Midwives Helping Mothers to Breastfeed: Food for Thought and Action


In 1990, breastfeeding was on the decline, and only 52% of U.S. mothers initiated nursing. Of these, only 18% continued to breastfeed until their babies were 6 months old. The Healthy People 2000 campaign set goals that 75% of new mothers would initiate breastfeeding and 50% would continue nursing for at least 6 months (1). Those objectives also focused on the dramatic differences in breastfeeding among population subgroups: in 1990, breastfeeding was initiated by 23% of black mothers, 48% of Hispanic mothers, 58% of white mothers, and 35% of low-income mothers (1). Current national data, which reflect breastfeeding rates through 1998, indicate that the Year 2000 breastfeeding objectives will not be met; thus, these goals have already been enfolded into the Healthy People 2010 objectives (2). Nevertheless, some progress has been made, and breastfeeding has increased during the 1990s. In 1998, 64% of mothers initiated breastfeeding, and 29% were still nursing at 6 months postpartum.

Unfortunately, racial and socioeconomic disparities in breastfeeding rates have continued. Breastfeeding mothers are still more likely to be white or Hispanic, older, college educated, of higher income, and living in the mountain or Pacific states. It is encouraging, however, to see that breastfeeding has increased the most among groups whose rates were previously the lowest: mothers who are young, black, less educated, of low income, and living in the South Atlantic states (3). In 1998, 45% of black mothers, 66% of Hispanic mothers, 68% of white mothers, and 52% of low-income mothers initiated breastfeeding.

Health care providers are concerned about the low rates of breastfeeding in the general population and among vulnerable women, in particular; indeed, many professional organizations, including the American College of Nurse-Midwives, have issued position statements in support of breastfeeding (4). Nevertheless, research findings have repeatedly shown that mothers generally do not regard health professionals and hospitals as important sources of breastfeeding information and support (5–7). Furthermore, there is some evidence that low-income women, who may feel judged and misunderstood by health professionals, may consequently have misgivings about health promotion messages they hear in the prenatal clinic (8). For these reasons, this special issue of the Journal of Midwifery & Women's Health (JMWH) raises some important questions concerning the midwife's role in breastfeeding care:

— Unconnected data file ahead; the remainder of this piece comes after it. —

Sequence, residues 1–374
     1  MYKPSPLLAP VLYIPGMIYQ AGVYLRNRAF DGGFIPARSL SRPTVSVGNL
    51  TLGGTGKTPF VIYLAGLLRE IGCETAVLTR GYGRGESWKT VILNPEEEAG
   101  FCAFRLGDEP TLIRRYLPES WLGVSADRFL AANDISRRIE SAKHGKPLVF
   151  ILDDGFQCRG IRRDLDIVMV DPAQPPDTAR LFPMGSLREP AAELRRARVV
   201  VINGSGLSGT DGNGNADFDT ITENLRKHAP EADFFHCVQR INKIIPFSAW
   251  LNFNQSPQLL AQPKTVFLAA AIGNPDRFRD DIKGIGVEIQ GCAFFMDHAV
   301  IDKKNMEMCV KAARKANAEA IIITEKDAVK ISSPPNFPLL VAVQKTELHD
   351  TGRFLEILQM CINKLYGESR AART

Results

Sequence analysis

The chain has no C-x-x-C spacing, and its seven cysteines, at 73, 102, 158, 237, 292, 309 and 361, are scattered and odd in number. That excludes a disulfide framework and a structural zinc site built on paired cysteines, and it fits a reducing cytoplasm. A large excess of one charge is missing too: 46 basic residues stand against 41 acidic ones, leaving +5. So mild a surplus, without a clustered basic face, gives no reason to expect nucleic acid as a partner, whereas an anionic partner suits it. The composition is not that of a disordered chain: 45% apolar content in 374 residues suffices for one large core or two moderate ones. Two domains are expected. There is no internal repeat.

• • With the field of lactation management expanding so rapidly, how can midwives maintain up-to-date knowledge and skills?

  • • Can midwives work more collaboratively with other breastfeeding specialists to benefit nursing mothers?

  • • How can midwives promote and support breastfeeding most effectively within the health system and in the community?

  • • What special barriers to breastfeeding are faced by low-income and ethnic minority women, and how can midwives help address them?


Although very few studies have surveyed groups of health professionals about breastfeeding knowledge, nurse-midwives have earned high marks in such comparisons (9). One area in which midwives make a strong contribution to breastfeeding promotion is prenatal care. Discussions about infant feeding plans should begin early in pregnancy and happen often because the woman's thinking and concerns may evolve and change. The midwife should convey enthusiasm and provide information without foreclosing possibilities: “What questions do you have about breastfeeding?” is likely to lead to a better exchange than “Are you planning to breastfeed or bottle feed?” Not only women who are undecided, but also those who plan to breastfeed as well as those who have breastfed before may want new information and an opportunity to express their feelings and concerns. During prenatal counseling, midwives can promote realistic expectations by acknowledging the barriers to breastfeeding that exist in society and the commitment that is needed to overcome them. Honest discussion of difficult issues like breastfeeding in public, reactions of family and friends, and combining breastfeeding and working can help mothers prepare for the realities they will face when integrating breastfeeding into their daily lives.